‘Knives Out’ TIFF Review: Rian Johnson Caper Toys Expectations to the Max


Nobody quite makes caper films like Rian Johnson does. Making his feature film debut in 2005 with Brick, Johnson has already established quite a name for himself in the genre through films like The Brothers Bloom and Looper, before he went on to direct Star Wars: The Last Jedi. Going back to working on a smaller scale with Knives Out, it feels like this is the sort of film that Rian Johnson has always wanted to make for a while – and it really shows. Mixing all of his greatest passions together with his knack for always throwing in surprise after surprise for his viewers, Knives Out only manages to provide far more when you least expect it, and it makes for a wholly entertaining experience. Like all the best thrillers from the classic Hollywood era, it’s clear as day that Rian Johnson is having so much fun with what he’s been given and he knows how to transfer that feeling over to his own audiences too. The knives do come out in this twisty comedy-thriller, but how deep in they go, you’d have to find out for yourself.

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Love, Simon – Review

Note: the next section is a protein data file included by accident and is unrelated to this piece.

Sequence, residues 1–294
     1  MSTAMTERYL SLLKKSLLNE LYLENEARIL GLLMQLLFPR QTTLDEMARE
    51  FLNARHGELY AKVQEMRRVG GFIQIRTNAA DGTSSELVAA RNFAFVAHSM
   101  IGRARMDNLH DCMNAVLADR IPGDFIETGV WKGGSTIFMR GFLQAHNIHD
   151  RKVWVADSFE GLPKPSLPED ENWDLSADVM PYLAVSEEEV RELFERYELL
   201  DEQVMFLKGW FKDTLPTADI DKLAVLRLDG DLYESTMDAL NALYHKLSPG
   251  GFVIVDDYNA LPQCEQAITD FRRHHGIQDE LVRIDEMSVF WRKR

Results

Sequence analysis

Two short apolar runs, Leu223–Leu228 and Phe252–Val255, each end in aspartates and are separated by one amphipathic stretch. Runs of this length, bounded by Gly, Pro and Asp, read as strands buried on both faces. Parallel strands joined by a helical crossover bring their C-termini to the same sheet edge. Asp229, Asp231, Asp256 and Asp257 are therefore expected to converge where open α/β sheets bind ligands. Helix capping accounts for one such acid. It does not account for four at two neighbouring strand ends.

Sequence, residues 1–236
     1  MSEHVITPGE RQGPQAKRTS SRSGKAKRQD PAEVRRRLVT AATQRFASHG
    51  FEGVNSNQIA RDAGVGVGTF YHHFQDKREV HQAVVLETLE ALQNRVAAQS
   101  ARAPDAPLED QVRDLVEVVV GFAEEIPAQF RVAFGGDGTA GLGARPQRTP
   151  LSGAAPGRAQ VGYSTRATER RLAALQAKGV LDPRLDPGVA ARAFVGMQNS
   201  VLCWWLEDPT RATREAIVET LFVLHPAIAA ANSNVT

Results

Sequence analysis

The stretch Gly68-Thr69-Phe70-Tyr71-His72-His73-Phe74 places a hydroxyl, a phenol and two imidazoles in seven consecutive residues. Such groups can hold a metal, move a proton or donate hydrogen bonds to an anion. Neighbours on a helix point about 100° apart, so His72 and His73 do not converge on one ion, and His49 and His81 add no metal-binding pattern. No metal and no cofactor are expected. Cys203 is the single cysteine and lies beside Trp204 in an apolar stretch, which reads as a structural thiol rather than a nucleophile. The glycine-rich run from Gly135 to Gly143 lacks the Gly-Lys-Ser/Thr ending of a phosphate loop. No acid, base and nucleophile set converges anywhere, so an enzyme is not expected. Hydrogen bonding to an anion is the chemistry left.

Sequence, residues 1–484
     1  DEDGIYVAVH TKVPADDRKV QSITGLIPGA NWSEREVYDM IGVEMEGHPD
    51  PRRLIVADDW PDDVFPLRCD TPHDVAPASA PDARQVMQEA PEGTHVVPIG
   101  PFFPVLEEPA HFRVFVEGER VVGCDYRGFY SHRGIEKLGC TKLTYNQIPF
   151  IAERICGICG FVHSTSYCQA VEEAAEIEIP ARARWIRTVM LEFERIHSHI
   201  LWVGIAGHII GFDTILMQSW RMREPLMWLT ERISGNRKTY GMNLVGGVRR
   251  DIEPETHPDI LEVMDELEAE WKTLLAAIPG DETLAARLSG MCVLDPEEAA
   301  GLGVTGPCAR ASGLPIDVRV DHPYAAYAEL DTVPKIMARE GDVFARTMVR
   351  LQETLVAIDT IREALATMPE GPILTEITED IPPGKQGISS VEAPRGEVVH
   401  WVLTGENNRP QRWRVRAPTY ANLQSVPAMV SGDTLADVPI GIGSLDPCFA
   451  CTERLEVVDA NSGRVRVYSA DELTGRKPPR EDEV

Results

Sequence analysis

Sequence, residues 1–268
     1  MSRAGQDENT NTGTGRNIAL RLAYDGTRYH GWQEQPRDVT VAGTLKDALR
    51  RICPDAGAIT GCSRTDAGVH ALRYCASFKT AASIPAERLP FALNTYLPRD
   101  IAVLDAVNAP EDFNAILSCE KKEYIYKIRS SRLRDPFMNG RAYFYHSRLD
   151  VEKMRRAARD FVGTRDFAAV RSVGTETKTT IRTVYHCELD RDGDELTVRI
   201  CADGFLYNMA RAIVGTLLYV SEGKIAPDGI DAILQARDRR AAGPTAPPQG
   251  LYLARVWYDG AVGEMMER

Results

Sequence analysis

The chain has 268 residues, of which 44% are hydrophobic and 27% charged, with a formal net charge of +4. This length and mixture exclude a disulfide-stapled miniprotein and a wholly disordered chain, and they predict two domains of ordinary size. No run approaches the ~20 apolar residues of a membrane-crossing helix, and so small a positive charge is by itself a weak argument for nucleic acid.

It feels like natural instinct to go ahead and say that Love, Simon would not look appealing because the trailers would already make it appear more like a cheesy romantic comedy – but for the many years that we have already had many straight romances flourishing, why not a gay one for once? I’m not only saying this as a queer but because I was never expecting much out of Love, Simon to begin with because of said factor. But on that level, I was surprised to have found a more thoughtful experience than I would have initially expected because I had always been skeptical of how the subject matter would be handled for a film that was geared towards teenage audiences. And if this is a sign that more people are willing to allow these voices to be heard, then I am perfectly okay with that.

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